Monday, November 10, 2014
Was The Democratic Campaign Against The Koch Influence Effective?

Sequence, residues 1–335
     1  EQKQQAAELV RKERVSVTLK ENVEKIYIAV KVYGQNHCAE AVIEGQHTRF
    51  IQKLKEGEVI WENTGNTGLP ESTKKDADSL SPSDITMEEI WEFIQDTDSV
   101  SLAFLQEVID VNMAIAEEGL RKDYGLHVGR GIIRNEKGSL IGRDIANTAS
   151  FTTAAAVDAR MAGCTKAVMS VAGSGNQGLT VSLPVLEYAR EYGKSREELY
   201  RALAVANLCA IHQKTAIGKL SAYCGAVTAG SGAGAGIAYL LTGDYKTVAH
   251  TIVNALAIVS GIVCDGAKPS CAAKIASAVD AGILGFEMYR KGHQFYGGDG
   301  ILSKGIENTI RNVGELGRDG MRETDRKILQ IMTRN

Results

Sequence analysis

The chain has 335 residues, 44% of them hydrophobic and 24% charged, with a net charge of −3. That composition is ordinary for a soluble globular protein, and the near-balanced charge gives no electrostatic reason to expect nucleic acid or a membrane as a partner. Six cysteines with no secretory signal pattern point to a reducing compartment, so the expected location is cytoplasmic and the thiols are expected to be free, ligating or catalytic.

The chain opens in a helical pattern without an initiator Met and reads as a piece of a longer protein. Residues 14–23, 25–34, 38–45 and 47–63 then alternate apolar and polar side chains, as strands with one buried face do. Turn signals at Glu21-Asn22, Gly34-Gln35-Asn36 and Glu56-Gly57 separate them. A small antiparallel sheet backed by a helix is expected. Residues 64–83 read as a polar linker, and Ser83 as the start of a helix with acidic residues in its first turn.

The Democratic Party spent a lot of campaign money on ads attacking the billionaires in the Koch family who spent millions supporting Republican candidates. This article evaluates the effectiveness of that strategy. Some say that it did not work, and others say that it was not used enough. In some states it worked where the Koch money was portrayed as "out of state influence" instead of largess from billionaires. That worked in New Hampshire where the Republican candidate for the Senate, who migrated from Massachusetts to New Hampshire to run for the Senate, was described as an out of state candidate. It was not universally effective because the Democratic candidates were also supported by very wealthy individuals. The public believes that both parties are influenced by the super rich. If you raise this issue with conservatives they will quickly refer to George Soros and his billions as the Democratic counter example. Neither party can raise the funds that are required in political campaigns, which increase every year, without support from wealthy individuals. The constantly rising cost of running political campaigns prices ordinary people out of the market. The pricing system, after all, is a rationing system. Most people can't afford a Mercedes and they can't afford to fund political campaigns that become more costly every year. The only real solution is for government to limit campaign spending. The GOP would not support the required legislation, and the conservatives in the Supreme Court declared that the intent of our founding fathers, who had the difficult task of inventing a democracy, believed that political advertising is a form of free speech that is granted in the Bill Of Rights.
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